Revisiting the Problem of the Working Poor


Andrea Marsh of the Texas Fair Defense Project comments:

I think you’re letting the judges who won’t appoint counsel to indigent bail defendants off too easily. These judges are violating the law, whether they straight out deny an application based on bond status (CCP 26.04(m)) or hold applications for counsel while repeatedly resetting cases in order to pressure defendants to hire lawyers (CCP 1.051). 

A defendant who can only afford a $100 fee for a lawyer who will do no more than lend false legitimacy to a guilty plea is indigent in 6th Amendment terms. We get calls from Harris County bail defendants who don’t even have that much money but still can’t get a court-appointed lawyer. Court staff often won’t even give them an application for counsel. I know it’s bad for business (at least that part of the business that depends on low-fee pleas) but I wish there was more outrage from the defense bar on this issue. I know HCCLA made some efforts in this area before, but this post just seems to accept that bad status quo.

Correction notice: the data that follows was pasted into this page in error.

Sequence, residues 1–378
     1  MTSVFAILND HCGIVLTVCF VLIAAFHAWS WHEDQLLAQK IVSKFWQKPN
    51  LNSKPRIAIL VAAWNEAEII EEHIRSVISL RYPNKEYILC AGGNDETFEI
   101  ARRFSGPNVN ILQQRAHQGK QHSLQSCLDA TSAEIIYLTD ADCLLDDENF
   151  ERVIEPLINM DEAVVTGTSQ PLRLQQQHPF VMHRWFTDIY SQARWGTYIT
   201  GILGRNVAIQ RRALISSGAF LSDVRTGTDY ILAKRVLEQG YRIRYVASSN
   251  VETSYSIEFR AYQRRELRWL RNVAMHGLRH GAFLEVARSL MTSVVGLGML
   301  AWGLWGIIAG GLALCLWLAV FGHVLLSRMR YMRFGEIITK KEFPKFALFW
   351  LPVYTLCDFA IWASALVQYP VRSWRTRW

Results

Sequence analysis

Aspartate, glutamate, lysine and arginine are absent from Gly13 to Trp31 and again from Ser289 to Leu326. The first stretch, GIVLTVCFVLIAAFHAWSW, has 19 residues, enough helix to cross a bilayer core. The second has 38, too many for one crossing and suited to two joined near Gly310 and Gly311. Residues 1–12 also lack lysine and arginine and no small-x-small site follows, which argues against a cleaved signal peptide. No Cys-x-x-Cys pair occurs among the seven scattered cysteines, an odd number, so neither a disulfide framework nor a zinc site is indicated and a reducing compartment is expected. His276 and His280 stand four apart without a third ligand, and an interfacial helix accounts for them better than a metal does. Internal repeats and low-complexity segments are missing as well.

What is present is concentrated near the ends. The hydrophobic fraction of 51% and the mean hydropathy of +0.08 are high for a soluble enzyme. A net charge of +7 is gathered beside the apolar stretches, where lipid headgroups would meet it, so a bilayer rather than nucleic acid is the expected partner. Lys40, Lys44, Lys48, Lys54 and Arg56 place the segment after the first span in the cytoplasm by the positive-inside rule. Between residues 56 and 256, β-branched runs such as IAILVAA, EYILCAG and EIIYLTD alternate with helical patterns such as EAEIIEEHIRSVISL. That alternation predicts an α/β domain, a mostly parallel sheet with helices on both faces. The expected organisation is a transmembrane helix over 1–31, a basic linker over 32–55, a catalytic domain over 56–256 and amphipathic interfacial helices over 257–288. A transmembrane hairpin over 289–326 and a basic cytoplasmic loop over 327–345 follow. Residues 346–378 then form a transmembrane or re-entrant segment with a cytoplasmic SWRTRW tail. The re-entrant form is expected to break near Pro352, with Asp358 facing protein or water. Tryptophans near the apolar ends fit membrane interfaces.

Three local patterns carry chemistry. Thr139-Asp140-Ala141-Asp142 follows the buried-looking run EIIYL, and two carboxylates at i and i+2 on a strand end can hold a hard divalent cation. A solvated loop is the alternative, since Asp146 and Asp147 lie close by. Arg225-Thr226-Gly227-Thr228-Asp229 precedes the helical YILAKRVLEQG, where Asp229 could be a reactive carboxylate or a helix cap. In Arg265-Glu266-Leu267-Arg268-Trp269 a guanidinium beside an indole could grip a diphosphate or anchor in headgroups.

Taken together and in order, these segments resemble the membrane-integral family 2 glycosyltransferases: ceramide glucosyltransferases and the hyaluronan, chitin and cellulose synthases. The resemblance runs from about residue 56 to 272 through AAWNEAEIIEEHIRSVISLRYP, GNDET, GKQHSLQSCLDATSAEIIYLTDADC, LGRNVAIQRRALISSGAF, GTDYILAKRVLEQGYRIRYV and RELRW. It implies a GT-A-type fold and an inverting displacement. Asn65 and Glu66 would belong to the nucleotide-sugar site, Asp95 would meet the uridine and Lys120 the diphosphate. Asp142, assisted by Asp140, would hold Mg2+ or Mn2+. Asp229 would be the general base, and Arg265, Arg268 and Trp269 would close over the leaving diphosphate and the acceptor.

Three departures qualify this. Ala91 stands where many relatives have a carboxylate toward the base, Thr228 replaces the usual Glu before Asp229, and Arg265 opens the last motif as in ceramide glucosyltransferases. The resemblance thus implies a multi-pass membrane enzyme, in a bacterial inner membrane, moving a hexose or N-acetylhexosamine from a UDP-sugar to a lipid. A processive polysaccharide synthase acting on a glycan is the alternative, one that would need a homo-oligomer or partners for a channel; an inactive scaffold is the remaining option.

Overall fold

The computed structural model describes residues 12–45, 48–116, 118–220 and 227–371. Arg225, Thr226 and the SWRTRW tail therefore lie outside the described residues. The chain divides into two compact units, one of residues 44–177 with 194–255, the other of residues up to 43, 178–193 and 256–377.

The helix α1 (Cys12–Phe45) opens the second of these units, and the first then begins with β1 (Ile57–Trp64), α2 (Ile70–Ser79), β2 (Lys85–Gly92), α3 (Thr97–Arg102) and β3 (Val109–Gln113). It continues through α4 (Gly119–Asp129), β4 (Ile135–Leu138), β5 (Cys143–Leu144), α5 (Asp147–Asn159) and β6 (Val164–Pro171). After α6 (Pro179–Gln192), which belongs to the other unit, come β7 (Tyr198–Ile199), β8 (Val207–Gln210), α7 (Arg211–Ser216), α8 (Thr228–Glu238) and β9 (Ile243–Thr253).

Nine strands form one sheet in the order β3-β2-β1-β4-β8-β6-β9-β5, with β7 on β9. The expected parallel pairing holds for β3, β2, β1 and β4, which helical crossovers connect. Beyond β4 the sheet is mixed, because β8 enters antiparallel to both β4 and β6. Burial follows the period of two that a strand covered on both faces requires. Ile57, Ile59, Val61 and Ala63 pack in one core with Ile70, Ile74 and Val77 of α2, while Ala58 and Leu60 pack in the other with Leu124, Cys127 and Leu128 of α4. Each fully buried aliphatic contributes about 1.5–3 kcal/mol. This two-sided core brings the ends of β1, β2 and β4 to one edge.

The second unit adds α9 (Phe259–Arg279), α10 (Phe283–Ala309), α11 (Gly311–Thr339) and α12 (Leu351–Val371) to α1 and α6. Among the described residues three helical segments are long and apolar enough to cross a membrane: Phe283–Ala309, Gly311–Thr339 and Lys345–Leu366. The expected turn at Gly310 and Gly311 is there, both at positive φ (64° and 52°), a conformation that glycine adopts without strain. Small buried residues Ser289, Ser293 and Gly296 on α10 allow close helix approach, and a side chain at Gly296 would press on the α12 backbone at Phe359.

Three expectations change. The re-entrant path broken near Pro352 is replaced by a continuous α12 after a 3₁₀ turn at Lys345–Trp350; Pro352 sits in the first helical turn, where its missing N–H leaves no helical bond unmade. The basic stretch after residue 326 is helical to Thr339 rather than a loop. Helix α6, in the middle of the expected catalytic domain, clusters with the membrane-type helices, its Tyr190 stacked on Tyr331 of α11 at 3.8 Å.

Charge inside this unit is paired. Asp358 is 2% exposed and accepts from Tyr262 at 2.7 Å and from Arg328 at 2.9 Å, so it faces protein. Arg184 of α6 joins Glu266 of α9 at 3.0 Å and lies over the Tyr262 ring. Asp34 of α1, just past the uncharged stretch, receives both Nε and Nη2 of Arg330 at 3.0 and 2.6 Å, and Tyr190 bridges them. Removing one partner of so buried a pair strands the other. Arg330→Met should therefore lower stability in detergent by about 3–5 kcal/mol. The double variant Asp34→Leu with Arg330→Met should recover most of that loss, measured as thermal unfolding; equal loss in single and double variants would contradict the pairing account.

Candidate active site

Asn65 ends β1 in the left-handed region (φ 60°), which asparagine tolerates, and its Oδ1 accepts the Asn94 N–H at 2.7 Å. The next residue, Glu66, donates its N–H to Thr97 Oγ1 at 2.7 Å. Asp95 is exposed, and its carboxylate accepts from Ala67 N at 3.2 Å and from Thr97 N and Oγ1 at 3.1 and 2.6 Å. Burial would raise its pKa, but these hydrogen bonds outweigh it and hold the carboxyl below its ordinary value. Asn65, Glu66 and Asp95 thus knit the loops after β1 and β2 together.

Mr. X. adds: “Why do judges threaten to put defendants in jail when they fail to
come to court with an attorney? Its seems silly and more than just a tad illegal.”

In Harris County we’ve seen three major problems with judges’ handling of counsel for indigent defendants on bail:

  • Judges refusing appointed counsel to indigent people on bail;
  • Judges threatening to jail people on bail for not hiring lawyers; and
  • Judges jailing people on bail for not hiring lawyers.

I think that the third problem has, for the moment, been solved. HCCLA propagated a resolution against it a few years back, explaining the law to the judiciary, and I haven’t since heard complaints of judges revoking people’s bonds because they haven’t hired lawyers.

Some otherwise-reasonable judges who know perfectly well that they can’t jail a defendant for not hiring a lawyer, however, still threaten to do so either directly or through proxies (typically their court coordinators).

In another context the Deceptive Trade Practices Act bars “representing that an agreement confers or involves rights, remedies, or obligations which it does not have or involve, or which are prohibited by law,” but I don’t know where it is written that it’s illegal for a judge to threaten to do something that he can’t legally do. That proposition may only be found in the Restatement of the Obvious. The empty threat to jail a defendant for not hiring a lawyer is a lie; nothing justifies a judge lying to the accused.